The subtitle indeed is a bold claim, saying that in this book we will discover “the master key” to the End Time debate. I believe we indeed do discover the master key to the End Time debate.

    This book is nothing like the others that I’ve read on Amillennialism (Kingdom Come, The Bible and the Future, The Case for Amillennialism), it dares to go and try to interpret the difficult texts in support of premillennialism. It is anti-premillennial as well as, but in lesser tone against Postmillennialism. This is all done in a tone of brotherly love. I enjoyed that aspect of the interaction.

    Amillennialism

    This book lays out the classic view of Amillennialism which is Dean Davis[1] believes (as others also do) is the classic eschatology of Church History and the Reformation.

    The word amillennialism means no millennium. However, amillennarians do not deny the existence of a millennium, only that it begins after the Parousia and that it will last for a literal thousand years. Instead, they teach that the thousand years of Revelation 20 symbolize the present Era of Proclamation, during which time Christ reigns with (the departed spirits of) his saints in Heaven. Amillennarians are, then, “present-millennarians.” Pages 23-24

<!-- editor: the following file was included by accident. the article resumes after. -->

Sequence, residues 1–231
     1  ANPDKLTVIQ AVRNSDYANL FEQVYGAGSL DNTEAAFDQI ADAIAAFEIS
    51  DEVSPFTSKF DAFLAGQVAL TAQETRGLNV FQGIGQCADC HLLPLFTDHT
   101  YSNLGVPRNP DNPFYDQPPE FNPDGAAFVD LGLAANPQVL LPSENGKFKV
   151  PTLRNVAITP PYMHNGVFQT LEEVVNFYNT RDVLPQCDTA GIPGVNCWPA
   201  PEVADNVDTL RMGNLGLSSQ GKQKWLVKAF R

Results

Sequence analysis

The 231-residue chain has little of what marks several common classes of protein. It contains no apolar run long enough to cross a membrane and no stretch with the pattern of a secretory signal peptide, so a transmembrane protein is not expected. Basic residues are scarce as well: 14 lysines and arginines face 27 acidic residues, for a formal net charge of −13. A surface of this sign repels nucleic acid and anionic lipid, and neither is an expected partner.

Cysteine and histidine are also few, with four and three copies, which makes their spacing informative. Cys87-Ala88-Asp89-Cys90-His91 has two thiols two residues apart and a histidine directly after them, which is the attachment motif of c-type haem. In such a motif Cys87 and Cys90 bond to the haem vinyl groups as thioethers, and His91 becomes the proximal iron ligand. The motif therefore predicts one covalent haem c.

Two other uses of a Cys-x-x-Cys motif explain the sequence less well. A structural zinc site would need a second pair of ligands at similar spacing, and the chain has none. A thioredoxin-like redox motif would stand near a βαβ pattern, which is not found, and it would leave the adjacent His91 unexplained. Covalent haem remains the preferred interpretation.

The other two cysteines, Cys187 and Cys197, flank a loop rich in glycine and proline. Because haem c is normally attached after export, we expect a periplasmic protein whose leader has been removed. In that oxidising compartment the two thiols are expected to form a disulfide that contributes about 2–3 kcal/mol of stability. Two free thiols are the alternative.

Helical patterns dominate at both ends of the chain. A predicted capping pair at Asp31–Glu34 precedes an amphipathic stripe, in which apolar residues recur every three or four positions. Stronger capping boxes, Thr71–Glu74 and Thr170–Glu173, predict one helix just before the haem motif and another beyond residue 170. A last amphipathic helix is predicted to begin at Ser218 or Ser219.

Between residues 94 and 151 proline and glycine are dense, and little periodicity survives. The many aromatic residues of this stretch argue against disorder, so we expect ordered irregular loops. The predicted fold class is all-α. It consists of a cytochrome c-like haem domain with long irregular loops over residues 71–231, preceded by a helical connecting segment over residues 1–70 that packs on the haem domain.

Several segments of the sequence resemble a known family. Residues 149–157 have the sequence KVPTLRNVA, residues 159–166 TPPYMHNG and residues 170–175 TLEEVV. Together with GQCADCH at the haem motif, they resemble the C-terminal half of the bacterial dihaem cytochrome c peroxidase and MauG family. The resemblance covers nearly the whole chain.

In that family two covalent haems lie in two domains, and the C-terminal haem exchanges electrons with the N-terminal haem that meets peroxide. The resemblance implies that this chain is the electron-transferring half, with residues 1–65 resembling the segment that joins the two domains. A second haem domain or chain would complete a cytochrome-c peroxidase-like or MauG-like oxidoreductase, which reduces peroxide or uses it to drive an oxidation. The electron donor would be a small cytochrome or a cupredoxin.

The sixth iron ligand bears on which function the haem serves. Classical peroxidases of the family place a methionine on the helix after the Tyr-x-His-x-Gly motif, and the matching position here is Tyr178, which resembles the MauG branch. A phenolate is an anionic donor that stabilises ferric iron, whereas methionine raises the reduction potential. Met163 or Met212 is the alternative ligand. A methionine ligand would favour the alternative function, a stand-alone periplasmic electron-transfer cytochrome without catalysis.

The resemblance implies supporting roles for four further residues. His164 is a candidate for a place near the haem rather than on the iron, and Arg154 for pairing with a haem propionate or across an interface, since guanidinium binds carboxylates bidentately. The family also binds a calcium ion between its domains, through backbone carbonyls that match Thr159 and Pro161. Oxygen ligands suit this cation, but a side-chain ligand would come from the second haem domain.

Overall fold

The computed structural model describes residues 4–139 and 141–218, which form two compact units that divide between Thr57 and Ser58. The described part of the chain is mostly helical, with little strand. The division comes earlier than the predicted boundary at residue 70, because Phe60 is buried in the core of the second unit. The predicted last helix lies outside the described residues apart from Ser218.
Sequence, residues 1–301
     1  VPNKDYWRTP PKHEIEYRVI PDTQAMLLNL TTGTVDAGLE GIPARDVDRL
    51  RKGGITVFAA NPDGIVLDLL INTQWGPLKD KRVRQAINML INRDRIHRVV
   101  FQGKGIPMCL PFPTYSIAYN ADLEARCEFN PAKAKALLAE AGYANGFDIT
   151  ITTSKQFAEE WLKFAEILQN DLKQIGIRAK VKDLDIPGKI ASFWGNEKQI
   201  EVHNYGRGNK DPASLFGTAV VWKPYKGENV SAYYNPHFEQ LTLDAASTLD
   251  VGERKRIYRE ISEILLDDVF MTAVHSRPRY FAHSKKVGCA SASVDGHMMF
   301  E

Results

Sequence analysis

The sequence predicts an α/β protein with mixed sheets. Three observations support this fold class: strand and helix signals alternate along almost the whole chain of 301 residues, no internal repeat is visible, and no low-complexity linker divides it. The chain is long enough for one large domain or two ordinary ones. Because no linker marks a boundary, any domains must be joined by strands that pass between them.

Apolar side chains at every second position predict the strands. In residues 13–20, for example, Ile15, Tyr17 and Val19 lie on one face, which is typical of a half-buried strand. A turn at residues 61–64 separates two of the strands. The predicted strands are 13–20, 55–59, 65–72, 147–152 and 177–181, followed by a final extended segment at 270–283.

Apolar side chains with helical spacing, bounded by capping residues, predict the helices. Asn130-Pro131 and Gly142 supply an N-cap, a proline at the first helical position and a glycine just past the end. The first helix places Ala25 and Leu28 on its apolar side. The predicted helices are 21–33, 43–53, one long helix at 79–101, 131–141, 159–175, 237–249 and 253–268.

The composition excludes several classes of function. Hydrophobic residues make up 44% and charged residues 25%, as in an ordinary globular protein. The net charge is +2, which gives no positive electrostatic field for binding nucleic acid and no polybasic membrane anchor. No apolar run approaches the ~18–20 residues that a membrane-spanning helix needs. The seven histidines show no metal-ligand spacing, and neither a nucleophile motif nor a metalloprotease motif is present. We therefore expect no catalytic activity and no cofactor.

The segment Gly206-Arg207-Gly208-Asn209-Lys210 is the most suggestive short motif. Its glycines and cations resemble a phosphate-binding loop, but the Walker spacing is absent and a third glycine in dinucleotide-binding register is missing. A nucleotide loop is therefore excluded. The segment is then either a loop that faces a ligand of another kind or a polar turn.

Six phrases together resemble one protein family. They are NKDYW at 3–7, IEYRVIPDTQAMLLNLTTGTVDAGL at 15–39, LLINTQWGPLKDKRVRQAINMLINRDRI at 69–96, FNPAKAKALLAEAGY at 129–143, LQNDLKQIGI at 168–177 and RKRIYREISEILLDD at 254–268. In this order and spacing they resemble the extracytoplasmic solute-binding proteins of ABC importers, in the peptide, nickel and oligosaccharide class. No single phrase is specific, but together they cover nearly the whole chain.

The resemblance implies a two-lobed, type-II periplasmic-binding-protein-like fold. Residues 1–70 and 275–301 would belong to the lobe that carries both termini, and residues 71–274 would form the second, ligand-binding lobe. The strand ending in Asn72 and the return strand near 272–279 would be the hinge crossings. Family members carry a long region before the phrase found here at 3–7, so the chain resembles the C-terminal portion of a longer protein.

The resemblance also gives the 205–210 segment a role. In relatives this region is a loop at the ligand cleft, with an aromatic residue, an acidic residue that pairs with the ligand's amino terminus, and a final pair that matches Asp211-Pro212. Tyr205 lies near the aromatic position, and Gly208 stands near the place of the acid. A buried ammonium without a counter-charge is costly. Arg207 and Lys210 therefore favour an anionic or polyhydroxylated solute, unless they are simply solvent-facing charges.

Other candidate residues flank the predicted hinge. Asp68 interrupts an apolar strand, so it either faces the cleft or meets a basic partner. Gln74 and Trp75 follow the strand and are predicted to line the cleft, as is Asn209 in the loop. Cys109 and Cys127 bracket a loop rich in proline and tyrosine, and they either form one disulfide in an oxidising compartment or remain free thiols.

Basically, Amillennialism teaches that the Millennium of Revelation 20 started from the cross and will end at the Second Coming of our Lord, spanning over 2 millennia up till now and is thus to be interpreted symbolically, rather than literally. The Millennium is the Gospel Era, or as Dean likes to call it, the Era of Proclamation.

    This is a simple chart laying out the Amillennial vision of Salvation History.

    The Kingdom of God

    One of the very ups of this book was the extensive study of the Kingdom of God in the New and Old Testaments. My understanding of the Kingdom of God was really expanded.

    A Definition of the Kingdom of God

    Dean Davis defines the Kingdom of God as: